The annual Jakarta Theater Festival, held by the Jakarta Arts Council or DKJ, returned on Wednesday (08/11) at Teater Kecil in Taman Ismail Marzuki, Central Jakarta.
This year’s festival is titled “Era of the Stars,” a nostalgic nod to the early days of modern theater in Indonesia in the late 19th century.
According to festival curator and researcher Akbar Yumni, the rise of Komedie Stamboel in 1891 disrupted the rigid distinctions between the “high culture” of European colonizers in the then Dutch East Indies and the “low culture” of the locals.
Komedie Stamboel was a type of popular opera performed by troupes that traveled like a circus.
They took theater, that used to be performed inside operas or palaces, to the streets with Middle Eastern, Malay and Chinese stories dominating their repertoires.
“The main characters in Komedie Stamboel were no longer the nobility, but the common people,” Akbar said.
Stamboel troupes became big commercial hits and most of them were on good terms with the colonial government.
Stars like Tan Tjeng Bok, Tjitjih and Devi Dja lived glamorous lives just like today’s celebrities.
But soon after, the Dutch colony’s aggressive film industry spelled an end to the golden years of its own theater.
DKJ’s theater committee chairman, poet and playwright Afrizal Malna, said the main problem besetting today’s theater groups is coming up with relevant stories.
“Technically they’re marvelous, but they are struggling to find stories that are relevant to real life now,” Afrizal said.
Another problem is regeneration, or lack of it. Many theater groups stop performing once their star actors are gone, instead of passing on their legacy to new members.
Afrizal said he hoped the Jakarta Theater Festival can help local theater groups to learn from each other and map out where they want to go as a community.
What to See, What to Do
The festival kicked off with a special outdoor performance by Bandar Teater Jakarta called “Momen Metode (Emma After Borges)” on Wednesday night.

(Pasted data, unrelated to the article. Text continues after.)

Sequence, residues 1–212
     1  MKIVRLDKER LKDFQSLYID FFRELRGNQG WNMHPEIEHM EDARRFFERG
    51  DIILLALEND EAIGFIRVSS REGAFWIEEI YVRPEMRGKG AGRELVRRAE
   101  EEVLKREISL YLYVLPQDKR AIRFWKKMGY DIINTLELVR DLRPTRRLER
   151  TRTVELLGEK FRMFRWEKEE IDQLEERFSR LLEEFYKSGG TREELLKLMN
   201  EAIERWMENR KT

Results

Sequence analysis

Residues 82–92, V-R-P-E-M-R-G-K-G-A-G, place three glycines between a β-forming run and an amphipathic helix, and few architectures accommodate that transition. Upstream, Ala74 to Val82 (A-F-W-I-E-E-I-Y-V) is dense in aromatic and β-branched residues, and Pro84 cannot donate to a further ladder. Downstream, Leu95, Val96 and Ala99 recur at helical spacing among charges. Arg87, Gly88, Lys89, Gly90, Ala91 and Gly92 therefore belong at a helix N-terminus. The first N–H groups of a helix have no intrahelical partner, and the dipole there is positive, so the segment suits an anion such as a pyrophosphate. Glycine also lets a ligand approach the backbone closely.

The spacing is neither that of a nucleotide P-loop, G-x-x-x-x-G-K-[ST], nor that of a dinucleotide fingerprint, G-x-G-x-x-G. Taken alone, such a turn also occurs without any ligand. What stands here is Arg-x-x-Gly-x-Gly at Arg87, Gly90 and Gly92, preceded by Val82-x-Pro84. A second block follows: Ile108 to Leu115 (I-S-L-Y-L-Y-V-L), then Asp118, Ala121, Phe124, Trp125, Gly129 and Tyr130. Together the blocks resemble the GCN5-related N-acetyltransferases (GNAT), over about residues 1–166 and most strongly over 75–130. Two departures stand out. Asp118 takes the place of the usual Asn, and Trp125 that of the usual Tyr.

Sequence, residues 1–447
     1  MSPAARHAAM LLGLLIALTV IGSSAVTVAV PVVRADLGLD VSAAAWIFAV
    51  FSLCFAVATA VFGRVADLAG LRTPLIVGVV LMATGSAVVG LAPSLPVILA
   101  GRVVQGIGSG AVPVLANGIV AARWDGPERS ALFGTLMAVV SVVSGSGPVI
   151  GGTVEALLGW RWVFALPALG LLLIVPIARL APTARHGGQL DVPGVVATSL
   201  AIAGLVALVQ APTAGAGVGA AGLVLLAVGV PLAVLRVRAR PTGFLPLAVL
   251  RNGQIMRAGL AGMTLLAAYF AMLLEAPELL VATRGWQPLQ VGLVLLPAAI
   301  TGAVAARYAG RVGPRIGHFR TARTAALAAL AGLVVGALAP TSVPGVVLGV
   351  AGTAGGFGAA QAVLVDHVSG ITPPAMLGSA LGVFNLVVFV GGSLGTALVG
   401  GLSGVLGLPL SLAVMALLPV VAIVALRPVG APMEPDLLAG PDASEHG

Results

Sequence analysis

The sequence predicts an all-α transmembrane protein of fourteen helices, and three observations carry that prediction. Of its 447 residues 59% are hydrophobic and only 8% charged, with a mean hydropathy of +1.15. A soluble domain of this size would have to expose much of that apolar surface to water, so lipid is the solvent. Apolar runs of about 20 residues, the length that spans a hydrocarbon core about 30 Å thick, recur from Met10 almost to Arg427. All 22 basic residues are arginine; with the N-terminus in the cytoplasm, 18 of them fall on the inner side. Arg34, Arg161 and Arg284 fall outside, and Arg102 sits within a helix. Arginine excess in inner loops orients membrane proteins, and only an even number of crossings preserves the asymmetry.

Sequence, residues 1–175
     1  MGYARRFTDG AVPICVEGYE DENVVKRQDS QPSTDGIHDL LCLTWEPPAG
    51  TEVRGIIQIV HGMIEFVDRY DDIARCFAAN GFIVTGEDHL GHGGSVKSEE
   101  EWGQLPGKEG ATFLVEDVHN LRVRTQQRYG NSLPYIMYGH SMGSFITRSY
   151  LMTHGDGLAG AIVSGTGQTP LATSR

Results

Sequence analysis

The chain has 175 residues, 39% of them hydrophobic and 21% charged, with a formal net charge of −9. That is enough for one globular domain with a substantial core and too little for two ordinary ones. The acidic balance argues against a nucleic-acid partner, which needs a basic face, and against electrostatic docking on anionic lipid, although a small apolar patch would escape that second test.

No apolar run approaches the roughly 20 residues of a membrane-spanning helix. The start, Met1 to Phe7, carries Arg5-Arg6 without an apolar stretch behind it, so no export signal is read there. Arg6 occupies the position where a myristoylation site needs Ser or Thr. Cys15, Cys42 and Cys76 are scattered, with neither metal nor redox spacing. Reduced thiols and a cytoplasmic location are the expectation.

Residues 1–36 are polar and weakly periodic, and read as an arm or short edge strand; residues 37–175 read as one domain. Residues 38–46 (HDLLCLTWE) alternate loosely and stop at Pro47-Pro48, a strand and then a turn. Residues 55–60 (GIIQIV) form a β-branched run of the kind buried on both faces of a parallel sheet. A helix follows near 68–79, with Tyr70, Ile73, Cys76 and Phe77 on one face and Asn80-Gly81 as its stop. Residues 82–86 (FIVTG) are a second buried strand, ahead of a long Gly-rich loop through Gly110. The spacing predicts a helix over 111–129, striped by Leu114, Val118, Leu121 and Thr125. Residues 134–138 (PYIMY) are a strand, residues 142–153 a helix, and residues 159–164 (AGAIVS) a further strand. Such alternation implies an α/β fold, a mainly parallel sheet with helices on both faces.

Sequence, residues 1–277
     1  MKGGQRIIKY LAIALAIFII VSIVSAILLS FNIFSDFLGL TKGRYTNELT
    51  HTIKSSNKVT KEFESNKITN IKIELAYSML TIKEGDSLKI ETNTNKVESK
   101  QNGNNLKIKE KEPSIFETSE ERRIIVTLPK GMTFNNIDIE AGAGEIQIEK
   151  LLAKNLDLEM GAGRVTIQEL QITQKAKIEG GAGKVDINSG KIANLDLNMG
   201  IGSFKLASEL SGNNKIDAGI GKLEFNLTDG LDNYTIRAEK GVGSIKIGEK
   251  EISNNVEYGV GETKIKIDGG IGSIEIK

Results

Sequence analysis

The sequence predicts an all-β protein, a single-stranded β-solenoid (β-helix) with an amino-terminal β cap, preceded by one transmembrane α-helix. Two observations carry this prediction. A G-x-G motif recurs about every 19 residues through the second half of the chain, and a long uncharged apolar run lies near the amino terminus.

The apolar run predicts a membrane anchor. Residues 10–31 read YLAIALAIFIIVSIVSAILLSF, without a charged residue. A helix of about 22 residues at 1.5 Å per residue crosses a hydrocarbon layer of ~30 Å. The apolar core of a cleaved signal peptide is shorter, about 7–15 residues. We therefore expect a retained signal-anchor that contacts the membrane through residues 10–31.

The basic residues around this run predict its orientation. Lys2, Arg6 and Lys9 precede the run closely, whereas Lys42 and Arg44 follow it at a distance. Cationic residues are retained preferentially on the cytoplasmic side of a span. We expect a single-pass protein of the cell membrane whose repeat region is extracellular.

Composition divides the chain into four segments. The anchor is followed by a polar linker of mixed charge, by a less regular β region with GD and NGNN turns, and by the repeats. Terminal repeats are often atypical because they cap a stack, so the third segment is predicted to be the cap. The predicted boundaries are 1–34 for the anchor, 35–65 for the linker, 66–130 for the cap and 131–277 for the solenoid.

Inspired by Jorge Luis Borges’ short story “Emma Zunz,” the play imagined what happens after Borges’ original story ends.
Sixteen local theater groups are in competition at the festival. One of them is last year’s winner, and the rest were selected by theater associations from each of Jakarta’s districts.
They will take turns to perform from Nov. 9 to Nov. 16.
Teater Hijau 51, a student theater group from Jakarta’s UPN Veteran university, will perform “Ombang-Ambing” on Nov. 11.
The dadaist play will tell the story of a vintage goods dealer who gets accidentally transported into a fantasy world.
Teater EM will perform “TV di Atas Ranjang” (“TV in Bed”) on Nov. 13.
The satirical play will feature characters with conflicting ideologies, including an old actor who thinks performing on TV is degrading and demoralizing, and a young actor who worships TV.
The festival will also feature Side Festival, a series of spontaneous live music and drama performances by Jakarta’s theater associations, which will run everyday from 7 p.m.
An archives exhibition will also take place in the lobby of Teater Kecil, showing newspaper clippings from the “Era of the Stars.”
A symposium will also be held on Nov. 16 to delve deeper into the era’s history, featuring researchers Akbar, Fandy Hutari, Deddy Ottara and Sartika Nuraini.
Another symposium will take place on the last day of the festival, Nov. 21, this one highlighting the development of written plays in Indonesia.
It will be followed by a music performance by Fluxeminix, a final theater performance by Miss Tjitjih and Stage Corner Community entitled “Era of the Stars” and the award ceremony for the festival’s winners.